9. If I already own a Ninja 250R, should I upgrade to this bike? Should I pin my hopes on the Pulsar 375 instead or wait for any other bike to be launched?

Ninja 250R is already owned by many riders in India. Despite double the price of CBR 250R, the bike has a strong fan following. If a current Ninja 250R owner opts for the Ninja 300, s/he will not be jumping a big leap in terms of upgrade. Yes, everything in the new Ninja 300 just went a level higher, but taking into consideration the condition of the roads we have here, in India, Ninja 250R lives up to the highest expectation.

Pulsar 375 will be out by 2013 year end. One never knows what cards Bajaj intends to play. It may be well worth it to wait and watch before making the final decision.

10. Should I take a test ride first! Or wait for some user reviews to come out!

There are some motorcycles which you just have to take a look and end up feeling yes, this bike is made for me. It’s rather difficult to explain but, for instance, there are many who have felt this when they saw the KTM Duke 200 first. Do you feel the same about the Ninja 300? This one has to be answered by the individual. Whether to test ride it? Whether to read up rider reviews?

Kawasaki Ninja 300

Kawasaki Ninja 300

These are but just simple guidelines before taking the big plunge. It’s best to analyse it on an individual basis. Pretty soon I’ll put the first ride review of the new Ninja 300. Visit Wanderlust Biker later again.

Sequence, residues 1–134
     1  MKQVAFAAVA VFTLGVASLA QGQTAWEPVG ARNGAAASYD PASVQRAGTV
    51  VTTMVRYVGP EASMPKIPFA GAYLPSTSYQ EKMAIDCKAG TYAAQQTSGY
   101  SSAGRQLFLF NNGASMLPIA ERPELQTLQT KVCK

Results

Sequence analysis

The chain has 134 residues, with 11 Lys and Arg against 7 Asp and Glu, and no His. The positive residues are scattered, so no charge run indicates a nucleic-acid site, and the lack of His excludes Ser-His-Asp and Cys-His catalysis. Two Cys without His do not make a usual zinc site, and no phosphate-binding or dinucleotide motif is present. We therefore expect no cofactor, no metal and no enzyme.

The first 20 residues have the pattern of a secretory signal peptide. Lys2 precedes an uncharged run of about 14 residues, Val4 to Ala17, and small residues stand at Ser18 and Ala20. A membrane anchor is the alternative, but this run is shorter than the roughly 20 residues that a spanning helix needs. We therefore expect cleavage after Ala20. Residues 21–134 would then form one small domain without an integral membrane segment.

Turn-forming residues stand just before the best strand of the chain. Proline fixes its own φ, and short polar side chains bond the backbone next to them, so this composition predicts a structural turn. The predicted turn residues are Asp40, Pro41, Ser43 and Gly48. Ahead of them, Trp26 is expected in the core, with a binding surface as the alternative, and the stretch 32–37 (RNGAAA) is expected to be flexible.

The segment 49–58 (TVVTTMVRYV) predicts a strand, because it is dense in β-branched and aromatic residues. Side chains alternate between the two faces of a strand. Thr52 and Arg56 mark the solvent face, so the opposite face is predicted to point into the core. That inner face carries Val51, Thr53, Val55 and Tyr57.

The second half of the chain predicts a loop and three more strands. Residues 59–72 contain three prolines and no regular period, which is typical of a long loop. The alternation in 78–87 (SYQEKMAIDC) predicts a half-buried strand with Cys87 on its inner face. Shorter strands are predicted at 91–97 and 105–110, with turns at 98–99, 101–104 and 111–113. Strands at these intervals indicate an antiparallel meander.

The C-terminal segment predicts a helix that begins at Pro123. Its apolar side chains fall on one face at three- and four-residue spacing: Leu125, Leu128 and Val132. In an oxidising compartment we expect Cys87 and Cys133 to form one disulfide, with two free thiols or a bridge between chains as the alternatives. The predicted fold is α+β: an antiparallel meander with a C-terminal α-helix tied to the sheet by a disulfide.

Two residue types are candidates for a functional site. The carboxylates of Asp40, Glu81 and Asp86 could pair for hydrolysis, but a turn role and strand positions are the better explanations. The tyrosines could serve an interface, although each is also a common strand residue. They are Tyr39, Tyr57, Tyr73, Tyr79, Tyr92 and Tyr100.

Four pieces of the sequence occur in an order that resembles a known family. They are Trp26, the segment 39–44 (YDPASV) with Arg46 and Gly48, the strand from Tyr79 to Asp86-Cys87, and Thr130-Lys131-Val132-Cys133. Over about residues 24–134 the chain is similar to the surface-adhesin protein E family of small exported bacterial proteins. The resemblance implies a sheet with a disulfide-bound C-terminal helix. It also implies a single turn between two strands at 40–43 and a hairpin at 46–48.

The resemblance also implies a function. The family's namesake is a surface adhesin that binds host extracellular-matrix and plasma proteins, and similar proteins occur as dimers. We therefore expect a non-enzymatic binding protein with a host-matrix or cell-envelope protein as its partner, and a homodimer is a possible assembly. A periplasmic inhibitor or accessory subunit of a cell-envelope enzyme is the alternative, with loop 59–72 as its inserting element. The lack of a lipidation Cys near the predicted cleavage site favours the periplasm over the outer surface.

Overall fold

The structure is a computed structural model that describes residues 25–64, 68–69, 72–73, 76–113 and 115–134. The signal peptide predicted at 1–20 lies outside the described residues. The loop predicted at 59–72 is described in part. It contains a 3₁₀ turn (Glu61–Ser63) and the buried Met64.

Would you like to know what happened at the Kawasaki Ninja 300 press launch?

Kawasaki Ninja 300 Launched: What is my first impression on seeing the motorcycle!

The first photo of Kawasaki Ninja 300 was already on the web in the last quarter of 2012. Since then media was just speculating that the launch is just around the corner.

Finally on April 10th, 2013 Kawasaki Ninja 300 was launched in Pune, India.

Ninja 300

I reached the press conference 10 mins late, but just before the bike was unveiled by the Bajaj bosses I entered and found a seat.

With a nail biting visuals in my head I was just counting the seconds in which the curtain was ready to go up. And what a grand machine took stance in front of me and the other journalists. Seeing something in person always gives the best feeling.

The Ninja 300 is really the true upgrade of the Ninaj 250R. The bike has some pretty good new features and all the outdated stuff like the analogue console have been replace with the modern parts that match with today’s style and dynamism.

A detailed log of the press launch of Ninja 300 my colleague has posted in MyBikeMyWorld.com (Do visit there)

If you ask me, divide the motorcycle in two. Cut it from the centre and then compare with the Ninja 250R.

Majority of the upgrades are all in the front side while the rear pretty much looks the same. Although minor carving are present at the rear side but not vivid enough to mention.

The front headlight face looks very similar to the Ninja 650. In fact this one looks like a leaner younger brother of the mid-weight bike from Kawasaki (Ninja 650).

The beauty of the Ninja lies in its reliability. It is a very good looking bike and makes a star out of you.

Now the only thing that bugs me is the whooping price tag on it. As Indian I would really like to think this way, that if I can mange a little over a lac rupees then why should I not go for the Ninja 650 itself. I know they should not be compared but at the end of the day, price is something we all are going to evidently make our decision on.